This medallion, 44mm diameter, in silver, was struck to help finance the fitting out of the vessel that was otherwise financed by the American Ladies Hospital Ship Fund.
The Maine was originally the Atlantic Transport Line steamer Swansea, renamed in 1899 and lent to the British Government as a hospital ship for use in the Boer War and later off China during the Boxer Rebellion. She was fitted out as a hospital ship in London by Messrs Fletcher & Son and Fearnall Ltd.
In October 1899 the Boer War broke out in South Africa and Bernard N. Baker offered the British Admiralty a ship for use as a floating hospital. This offer was soon transferred to the American Ladies Hospital Ship Society, led by Winston Churchill's mother Jennie. In just 60 days the American ladies raised the money needed to adapt and equip the ship, completed the conversion, and had her sailing for South Africa. Baker paid for her crew and operating expenses. She sailed on her initial voyage with American medical staff including several female nurses, but on subsequent voyages carried British medical personnel, all of them male.
This ship was described by The Nursing Record and Hospital World as “the most complete and comfortable hospital ship that has ever been constructed.” The four wards were named Whitelaw Reid (after the chairman of the committee on Nurses of the Trained Nurses Maintenance Society, who organized the American nurses), Bernard Baker, Columbia and Britannia. She was outfitted for 170 patients and carried a small isolation ward, an elaborately equipped operating theatre, and an X-ray installation.
The Maine left for South Africa on December 23, 1899, with Jennie Churchill aboard, and arrived at Durban on January 23, 1900. The authorities in South Africa wanted to use her as a transport to ship wounded men home for long-term treatment, but the indomitable Jennie Churchill insisted on her staying on station as originally intended to treat men as close to the fighting as possible. When the siege of Ladysmith was raised however and thousands of casualties suddenly needed access to medical facilities Jennie agreed to use the Maine as a transport. After several voyages between South Africa and England she was transferred to the China station to support the campaign against the "boxers."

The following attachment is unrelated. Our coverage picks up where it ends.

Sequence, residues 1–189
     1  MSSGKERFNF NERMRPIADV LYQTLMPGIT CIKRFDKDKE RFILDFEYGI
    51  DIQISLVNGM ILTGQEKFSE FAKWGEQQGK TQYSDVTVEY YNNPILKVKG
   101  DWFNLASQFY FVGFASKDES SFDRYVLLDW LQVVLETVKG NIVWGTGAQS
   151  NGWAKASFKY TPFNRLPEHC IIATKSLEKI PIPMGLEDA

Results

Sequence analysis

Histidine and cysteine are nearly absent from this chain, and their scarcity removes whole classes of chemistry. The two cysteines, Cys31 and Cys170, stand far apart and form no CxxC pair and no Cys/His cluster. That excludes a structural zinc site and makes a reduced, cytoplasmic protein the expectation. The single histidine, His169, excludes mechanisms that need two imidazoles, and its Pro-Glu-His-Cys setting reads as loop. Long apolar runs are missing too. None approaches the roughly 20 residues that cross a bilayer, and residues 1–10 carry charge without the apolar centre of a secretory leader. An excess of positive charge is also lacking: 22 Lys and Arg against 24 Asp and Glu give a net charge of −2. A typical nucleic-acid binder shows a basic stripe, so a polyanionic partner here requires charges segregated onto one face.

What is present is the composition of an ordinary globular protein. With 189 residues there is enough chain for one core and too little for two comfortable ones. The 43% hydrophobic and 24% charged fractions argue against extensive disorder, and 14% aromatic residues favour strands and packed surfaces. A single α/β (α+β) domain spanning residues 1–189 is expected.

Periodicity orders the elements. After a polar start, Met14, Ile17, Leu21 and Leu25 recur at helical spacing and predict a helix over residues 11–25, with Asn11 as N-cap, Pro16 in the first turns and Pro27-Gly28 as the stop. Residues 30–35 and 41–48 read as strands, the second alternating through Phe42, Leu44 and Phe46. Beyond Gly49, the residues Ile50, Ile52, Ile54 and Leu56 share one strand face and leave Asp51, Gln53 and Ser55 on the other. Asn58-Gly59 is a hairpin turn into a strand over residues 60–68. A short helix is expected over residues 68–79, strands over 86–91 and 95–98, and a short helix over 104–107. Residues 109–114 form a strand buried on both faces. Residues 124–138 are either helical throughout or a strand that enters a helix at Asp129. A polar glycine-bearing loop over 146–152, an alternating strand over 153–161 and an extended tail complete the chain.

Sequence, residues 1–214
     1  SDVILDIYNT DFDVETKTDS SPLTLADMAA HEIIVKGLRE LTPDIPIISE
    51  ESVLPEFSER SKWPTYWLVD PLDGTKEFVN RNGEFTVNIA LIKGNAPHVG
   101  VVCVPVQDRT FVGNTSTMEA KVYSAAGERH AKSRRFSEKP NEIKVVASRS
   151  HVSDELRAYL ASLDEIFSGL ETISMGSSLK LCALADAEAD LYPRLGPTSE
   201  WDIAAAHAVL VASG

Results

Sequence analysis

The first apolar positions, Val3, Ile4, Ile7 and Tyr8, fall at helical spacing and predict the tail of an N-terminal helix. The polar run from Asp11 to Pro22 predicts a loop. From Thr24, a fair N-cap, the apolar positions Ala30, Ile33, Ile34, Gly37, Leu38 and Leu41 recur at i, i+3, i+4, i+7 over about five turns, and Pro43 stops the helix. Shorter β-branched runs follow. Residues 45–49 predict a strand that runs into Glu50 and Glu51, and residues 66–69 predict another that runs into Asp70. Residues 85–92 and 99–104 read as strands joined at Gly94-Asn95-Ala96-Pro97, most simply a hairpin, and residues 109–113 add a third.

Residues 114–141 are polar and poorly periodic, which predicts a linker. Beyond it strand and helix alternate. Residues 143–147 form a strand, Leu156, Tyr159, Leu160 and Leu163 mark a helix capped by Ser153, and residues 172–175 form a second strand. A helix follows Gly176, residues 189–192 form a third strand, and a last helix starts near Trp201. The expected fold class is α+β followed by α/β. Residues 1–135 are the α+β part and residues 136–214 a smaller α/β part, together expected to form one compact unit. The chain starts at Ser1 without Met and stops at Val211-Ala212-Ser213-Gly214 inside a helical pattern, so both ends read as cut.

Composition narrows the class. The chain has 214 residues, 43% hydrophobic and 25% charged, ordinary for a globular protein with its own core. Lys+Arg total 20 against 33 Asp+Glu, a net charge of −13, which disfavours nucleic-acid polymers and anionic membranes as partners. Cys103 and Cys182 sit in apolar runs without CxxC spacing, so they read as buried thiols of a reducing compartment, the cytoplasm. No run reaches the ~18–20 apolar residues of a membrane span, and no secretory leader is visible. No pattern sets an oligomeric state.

After a total of 15 months in commission the Maine was laid up in Southampton from January 1901. Bernard N. Baker gave her to the Admiralty in July 1901 and her medical fittings were given at the same time by the ladies of the Maine Committee. Marking the gift, Earl Shelbourne read a statement from Bernard N. Baker in the House of Lords:
In offering the Maine, I should like, as a citizen of the United States, to express appreciation of the long protection afforded my interests under the British flag. I am also influenced by the noble work achieved by Americans in equipping and maintaining the Maine while in service in South Africa and China. I trust she will long be an emblem of the cordial relations existing between the citizens of the United States and those of the mother country.
The Maine was not laid up for long, for she was soon recommissioned and attached experimentally for a year to the Mediterranean squadron. She was designated as a Royal Fleet Auxiliary when that class of vessel was established in 1905 and participated in the Coronation Fleet Review off Torbay in June 1911.
Unfortunately, the Maine ran aground in thick fog in the Firth of Lorne to the south of the Scottish island of Mull on June 19, 1914. Her loss left the British without a single hospital ship at the outbreak of World War One.
I hope I am not taking this off topic, but a few years ago I acquired an item relating to the S.S. Maine. I am not sure what you would call it, the general idea so far seems to suggest it was worn by the nurses on the ship. Possibly a cape badge?
When I received it, the clasp on the back was broken, and my local jeweler advised me that the clasp could not be fixed as it would not stand the heat needed, without damaging the enamel on the front. I left it with him to see what he could come up with, and he put it in a coin mount and added a silver ring so that it could be put on a ribbon.
I suppose being that the ship came from America I should have used a red, white, and blue ribbon, but I liked the look of the QSA ribbon, and as the ship was originally intended for South Africa I thought it not inappropriate.
Any comments are welcome, or information as to what it actually is would be even better.
As for the Maine commemorative medallion, it is my understanding that only the VIP's or committee members received the medallion in silver. The fund raising issue was base metal.